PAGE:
On Friday, November 30, after driving himself from Connecticut to Wyoming, Christopher Krumm used a bow and arrow to kill his professor father at the front of a classroom filled with community college students, and then stabbed himself to death. But before he did that, he stabbed his father’s 42 year-old girlfriend at home two miles away.
On Friday, December 14, Adam Lanza went on a shooting rampage at Sandy Hook Elementary School and killed twenty children and six adults. But before he did that, he shot and killed his mother at home.
On Christmas Eve, William Spengler lured first responders to his neighborhood by setting a fire and then shooting four firemen, killing two of them, then committing suicide. Before he did that, he likely caused the death of his sister, whose remains were later found in the ashes. Way before that, in 1980, he killed his grandmother with a hammer.
On August 1, 1966, Charles Whitman rolled a trunk of weapons up to the observation deck of the UT Tower in Austin and began shooting, killing thirteen and wounding thirty-one. But before he did that, he stabbed his wife, asleep in their bed at home. And before he did that, he attacked, bludgeoned, and stabbed his mother in her apartment.
Female bodies are often discovered at “secondary crime scenes,” so labeled because they contribute evidence and insight into the scene of the primary investigation, where the maximum public performance of horror has occurred. Secondary may seem to connote collateral or less important damage, but from a narrative and perhaps a psychological point of view, these scenes can be viewed as primary, not only in chronological but social significance.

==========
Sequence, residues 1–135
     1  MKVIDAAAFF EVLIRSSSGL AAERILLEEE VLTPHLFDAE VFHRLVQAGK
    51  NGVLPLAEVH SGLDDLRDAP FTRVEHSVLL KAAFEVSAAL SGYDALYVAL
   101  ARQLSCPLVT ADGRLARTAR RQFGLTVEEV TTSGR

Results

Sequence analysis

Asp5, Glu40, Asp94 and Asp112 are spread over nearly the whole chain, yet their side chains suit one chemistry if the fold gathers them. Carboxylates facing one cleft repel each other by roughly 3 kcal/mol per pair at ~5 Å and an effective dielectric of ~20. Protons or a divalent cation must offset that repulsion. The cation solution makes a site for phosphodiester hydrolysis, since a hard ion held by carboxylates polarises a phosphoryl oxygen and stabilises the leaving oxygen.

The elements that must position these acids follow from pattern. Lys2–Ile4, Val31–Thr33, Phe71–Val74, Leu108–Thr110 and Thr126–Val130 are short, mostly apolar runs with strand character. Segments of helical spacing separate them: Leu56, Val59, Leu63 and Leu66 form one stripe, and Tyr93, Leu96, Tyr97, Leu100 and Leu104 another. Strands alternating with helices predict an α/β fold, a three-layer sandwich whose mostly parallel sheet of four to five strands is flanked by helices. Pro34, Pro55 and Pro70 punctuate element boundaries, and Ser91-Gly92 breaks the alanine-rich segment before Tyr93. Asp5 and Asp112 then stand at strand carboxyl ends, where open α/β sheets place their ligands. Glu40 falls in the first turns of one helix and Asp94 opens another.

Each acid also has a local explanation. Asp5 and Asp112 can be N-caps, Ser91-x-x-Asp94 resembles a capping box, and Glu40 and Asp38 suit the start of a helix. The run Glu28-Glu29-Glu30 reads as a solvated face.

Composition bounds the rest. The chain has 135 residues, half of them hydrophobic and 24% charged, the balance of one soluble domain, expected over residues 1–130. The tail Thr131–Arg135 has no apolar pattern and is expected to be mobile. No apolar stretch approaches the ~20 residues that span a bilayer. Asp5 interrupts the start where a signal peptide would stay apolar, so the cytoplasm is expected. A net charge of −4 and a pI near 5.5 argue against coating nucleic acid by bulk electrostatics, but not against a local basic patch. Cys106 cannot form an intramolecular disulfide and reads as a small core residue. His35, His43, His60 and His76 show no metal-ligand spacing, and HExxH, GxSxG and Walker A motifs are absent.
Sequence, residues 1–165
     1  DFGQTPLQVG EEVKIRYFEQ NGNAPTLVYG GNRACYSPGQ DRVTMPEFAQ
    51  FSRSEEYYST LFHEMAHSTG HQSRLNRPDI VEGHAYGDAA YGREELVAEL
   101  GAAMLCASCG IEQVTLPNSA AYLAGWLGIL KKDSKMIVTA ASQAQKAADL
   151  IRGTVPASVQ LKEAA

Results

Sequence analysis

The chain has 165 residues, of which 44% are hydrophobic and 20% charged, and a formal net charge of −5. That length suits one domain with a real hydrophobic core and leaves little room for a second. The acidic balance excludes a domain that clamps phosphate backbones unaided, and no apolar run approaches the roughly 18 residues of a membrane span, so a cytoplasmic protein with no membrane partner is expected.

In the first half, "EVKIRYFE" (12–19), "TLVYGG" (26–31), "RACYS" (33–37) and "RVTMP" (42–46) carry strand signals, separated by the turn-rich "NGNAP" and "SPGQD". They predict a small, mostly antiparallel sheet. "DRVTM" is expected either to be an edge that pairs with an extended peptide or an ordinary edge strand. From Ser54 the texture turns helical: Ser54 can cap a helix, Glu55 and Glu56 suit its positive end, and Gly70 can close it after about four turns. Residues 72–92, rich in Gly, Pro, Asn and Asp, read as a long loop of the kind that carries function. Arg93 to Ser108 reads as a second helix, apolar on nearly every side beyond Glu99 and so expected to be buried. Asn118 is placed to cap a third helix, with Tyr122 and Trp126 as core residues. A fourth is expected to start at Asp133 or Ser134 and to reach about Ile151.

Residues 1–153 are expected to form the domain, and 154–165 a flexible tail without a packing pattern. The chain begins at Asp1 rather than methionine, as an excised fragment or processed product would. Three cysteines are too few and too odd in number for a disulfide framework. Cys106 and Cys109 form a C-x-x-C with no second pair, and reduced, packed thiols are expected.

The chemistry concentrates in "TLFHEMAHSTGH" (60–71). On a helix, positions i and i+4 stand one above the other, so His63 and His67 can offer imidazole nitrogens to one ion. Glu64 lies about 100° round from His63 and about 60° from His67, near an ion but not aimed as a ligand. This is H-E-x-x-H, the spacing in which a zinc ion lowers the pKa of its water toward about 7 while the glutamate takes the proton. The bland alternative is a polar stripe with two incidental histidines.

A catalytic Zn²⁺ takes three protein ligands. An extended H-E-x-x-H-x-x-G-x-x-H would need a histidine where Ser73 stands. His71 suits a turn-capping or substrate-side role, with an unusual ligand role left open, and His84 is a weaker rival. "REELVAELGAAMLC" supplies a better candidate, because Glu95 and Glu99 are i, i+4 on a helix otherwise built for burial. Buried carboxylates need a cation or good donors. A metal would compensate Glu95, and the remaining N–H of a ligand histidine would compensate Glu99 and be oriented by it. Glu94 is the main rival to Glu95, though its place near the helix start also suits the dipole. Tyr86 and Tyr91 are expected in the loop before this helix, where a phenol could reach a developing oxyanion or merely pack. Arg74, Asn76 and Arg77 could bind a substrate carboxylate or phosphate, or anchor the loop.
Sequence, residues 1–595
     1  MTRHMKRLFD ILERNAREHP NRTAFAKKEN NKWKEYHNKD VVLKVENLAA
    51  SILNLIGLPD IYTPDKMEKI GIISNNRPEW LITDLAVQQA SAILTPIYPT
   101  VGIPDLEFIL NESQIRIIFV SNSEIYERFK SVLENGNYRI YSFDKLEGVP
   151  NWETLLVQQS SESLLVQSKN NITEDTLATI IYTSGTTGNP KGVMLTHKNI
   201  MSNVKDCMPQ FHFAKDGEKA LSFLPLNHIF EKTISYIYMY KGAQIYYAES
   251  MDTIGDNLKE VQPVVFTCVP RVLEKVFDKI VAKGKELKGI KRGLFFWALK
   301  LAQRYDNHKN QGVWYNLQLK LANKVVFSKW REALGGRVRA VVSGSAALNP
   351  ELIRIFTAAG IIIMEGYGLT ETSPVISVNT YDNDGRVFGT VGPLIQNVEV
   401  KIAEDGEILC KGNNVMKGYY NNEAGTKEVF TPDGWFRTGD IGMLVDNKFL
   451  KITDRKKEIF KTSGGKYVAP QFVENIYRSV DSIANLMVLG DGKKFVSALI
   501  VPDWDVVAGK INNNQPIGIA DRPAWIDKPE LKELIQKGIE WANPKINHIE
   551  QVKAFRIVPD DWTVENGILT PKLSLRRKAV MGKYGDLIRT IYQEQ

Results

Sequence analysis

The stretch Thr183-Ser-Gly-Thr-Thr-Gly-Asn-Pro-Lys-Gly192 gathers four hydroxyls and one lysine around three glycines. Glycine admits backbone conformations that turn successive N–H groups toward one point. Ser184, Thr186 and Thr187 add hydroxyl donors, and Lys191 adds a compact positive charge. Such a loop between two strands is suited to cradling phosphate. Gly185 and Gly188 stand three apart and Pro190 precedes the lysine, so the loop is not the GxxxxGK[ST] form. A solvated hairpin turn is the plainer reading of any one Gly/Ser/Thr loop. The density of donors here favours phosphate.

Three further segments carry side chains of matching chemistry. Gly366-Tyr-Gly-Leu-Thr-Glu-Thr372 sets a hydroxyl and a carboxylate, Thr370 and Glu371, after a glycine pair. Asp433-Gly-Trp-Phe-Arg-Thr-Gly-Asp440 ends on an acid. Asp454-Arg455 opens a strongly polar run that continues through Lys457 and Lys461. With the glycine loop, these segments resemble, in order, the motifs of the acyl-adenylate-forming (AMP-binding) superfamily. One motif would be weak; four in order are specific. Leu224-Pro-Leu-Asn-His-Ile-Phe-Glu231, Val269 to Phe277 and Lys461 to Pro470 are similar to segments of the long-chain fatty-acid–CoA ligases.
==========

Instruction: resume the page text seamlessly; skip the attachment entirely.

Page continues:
On a practical level, these female victims represent potential barriers to commission of the crime—people who could talk down the perpetrator, contact authorities, or otherwise interfere. In the mind of the killer, these women also may have posed a symbolic barrier to a conscious or subconscious self-image as the perpetually wronged party, a man with No Other Options, the prodigal avenger called to teach the world a drastic lesson.
Unfortunately, whether racking up points for piles of bodies in a videogame or assassinating terrorists with drones, to kill in the West is to win. And in order to win, on some level, regardless of biological sex, a person must purge barriers to winning by suppressing characteristics perceived as culturally feminine: softness and gentleness, submission and openness, sympathy, mercy, or hesitation.
You know: Shoot first and ask questions later. Make my day. Don’t be a pussy.
The private killing of particular women who could stand in the way of multiple public murders embodies an extreme and ultimately violent suppression of any force, internal or external, that might temper or “domesticate” the code of take-no-prisoners cowboy manliness.